The Middle Way: A Practical Approach to Prescribing Opioids for Chronic Pain

Steven P. Cohen; Srinivasa N. Raja

Disclosures

Nat Clin Pract Neurol. 2006;2(11):580-581. 

Chronic pain exacts an enormous physical, emotional and financial toll on society, with prevalence rates reported in different reviews ranging from 10% to 50%.[1] In recent years, a paradigm shift has occurred in the approach to treating chronic nonmalignant pain. This shift has generated an unprecedented controversy reverberating throughout medical, judicial, health-policy and patient-advocate circles. Ironically, this philosophical change is not attributable to the advent of a new class of analgesics or an innovative procedure to relieve pain. The controversy revolves around opioids, the medicinal use of which possibly dates as far back as the 5th millennium BC by the ancient Sumerians and Egyptians.

In the 1980s, the role of opioids in the management of chronic noncancer pain was fervently debated. Opioids were considered inappropriate for chronic pain management owing to concerns about adverse effects, tolerance, dependence and addiction. In the subsequent decades, several circumstances shifted the scale in the opposite direction. First, controlled trials of opioids reported positive outcomes in chronic nonmalignant and neuropathic pain states, conditions previously thought to be resistant to opioids.[2] Second, case reports indicated a low incidence of addiction in patients with no history of substance abuse who received opioids for chronic pain.[3] Last, health-care professionals, including physicians, became subject to civil and professional action for failing to treat pain appropriately. In a highly publicized case in 2001, a California jury awarded a US$1.5 million verdict against a physician for failing to prescribe adequate pain medications.

In response to the increasing demands for optimal pain management, sustained-release opioids were developed and aggressively marketed. The rationale for these endeavors was that sustained-release opioids, when properly taken, were likely to be associated with more-consistent pain relief, slower development of tolerance, less euphoria and a more-favorable side-effect profile. US sales of sustained-release oxycodone--which has been marketed since 1995--exceeded US$1 billion in 2000 and peaked at US$2 billion in 2005 before the premature end to the drug's patent protection.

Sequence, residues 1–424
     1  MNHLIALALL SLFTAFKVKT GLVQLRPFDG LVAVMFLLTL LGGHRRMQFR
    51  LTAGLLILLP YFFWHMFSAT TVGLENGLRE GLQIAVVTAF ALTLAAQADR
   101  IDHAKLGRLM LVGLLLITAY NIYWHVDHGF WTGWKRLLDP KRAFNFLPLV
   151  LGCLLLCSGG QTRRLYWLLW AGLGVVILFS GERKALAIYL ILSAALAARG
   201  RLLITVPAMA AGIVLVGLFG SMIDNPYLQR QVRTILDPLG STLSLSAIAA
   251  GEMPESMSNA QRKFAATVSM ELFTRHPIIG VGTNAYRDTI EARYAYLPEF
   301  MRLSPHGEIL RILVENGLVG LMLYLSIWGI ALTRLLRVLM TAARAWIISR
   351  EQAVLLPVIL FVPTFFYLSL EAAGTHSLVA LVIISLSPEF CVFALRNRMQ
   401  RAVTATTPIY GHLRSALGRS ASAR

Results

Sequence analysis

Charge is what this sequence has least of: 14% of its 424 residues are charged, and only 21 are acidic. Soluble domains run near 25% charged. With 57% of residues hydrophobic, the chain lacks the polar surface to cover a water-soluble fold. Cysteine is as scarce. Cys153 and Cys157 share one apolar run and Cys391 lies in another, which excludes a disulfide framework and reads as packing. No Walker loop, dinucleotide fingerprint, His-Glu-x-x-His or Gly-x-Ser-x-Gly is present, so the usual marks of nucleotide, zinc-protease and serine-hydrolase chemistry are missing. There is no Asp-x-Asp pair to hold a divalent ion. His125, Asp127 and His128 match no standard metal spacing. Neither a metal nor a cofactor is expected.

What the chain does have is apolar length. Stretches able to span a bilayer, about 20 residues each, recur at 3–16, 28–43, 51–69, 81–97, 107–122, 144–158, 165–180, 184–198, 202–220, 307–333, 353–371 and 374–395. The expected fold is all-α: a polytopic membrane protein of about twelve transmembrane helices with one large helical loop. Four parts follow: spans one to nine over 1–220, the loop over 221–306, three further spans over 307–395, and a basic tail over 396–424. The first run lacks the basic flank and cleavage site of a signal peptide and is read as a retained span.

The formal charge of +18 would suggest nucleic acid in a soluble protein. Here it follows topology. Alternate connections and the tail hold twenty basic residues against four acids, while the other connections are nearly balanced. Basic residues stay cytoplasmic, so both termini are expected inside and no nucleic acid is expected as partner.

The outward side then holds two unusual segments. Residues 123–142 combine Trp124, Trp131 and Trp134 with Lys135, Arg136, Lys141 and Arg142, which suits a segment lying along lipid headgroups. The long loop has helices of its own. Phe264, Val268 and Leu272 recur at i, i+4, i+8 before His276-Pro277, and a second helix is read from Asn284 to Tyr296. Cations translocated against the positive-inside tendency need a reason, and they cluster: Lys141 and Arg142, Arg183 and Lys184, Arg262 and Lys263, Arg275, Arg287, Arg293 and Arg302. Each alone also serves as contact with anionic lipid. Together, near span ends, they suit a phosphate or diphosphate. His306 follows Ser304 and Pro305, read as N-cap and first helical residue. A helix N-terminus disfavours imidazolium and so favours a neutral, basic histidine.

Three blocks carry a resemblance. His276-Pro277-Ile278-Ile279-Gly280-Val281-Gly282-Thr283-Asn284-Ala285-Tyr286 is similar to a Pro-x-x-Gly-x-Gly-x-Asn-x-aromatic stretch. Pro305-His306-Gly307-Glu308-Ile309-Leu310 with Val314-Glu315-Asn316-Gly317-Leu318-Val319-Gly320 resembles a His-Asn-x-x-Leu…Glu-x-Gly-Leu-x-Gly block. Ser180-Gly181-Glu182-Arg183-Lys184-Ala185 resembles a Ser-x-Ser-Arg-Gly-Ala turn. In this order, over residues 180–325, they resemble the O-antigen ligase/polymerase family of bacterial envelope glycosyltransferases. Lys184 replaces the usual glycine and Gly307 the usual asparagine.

The darker side of this aggressive new approach to pain management soon surfaced. Accounts of rising rates of prescription drug abuse appeared—insidiously at first, then in an avalanche of negative reports in the news media. In 2004, 2.4 million people aged 12 years and over in the US used prescription pain relievers for nonmedical reasons; opioid analgesics were by far the most commonly abused drugs.[4] In a recent survey, 21.5% of inner-city street drug users reported that they had used immediate and sustained-release oxycodone, methadone or hydrocodone within the past 30 days.[5]

To thwart the growing problem of prescription narcotic abuse, the federal government launched an assault on the burgeoning trade in pharmaceutical opioids, targeting not only drug companies and patients who divert their opioids, but also physicians. In 2002, the Drug Enforcement Administration prosecuted 410 physicians for recklessly prescribing opioids--an 800% increase in physician prosecutions from 1999.[6] Many physicians and addiction specialists believe that this concerted federal effort has fomented a profound sense of paranoia in primary-care physicians, placed patients and physicians in adversarial roles, and resurrected an old obstacle for the responsible treatment of chronic pain.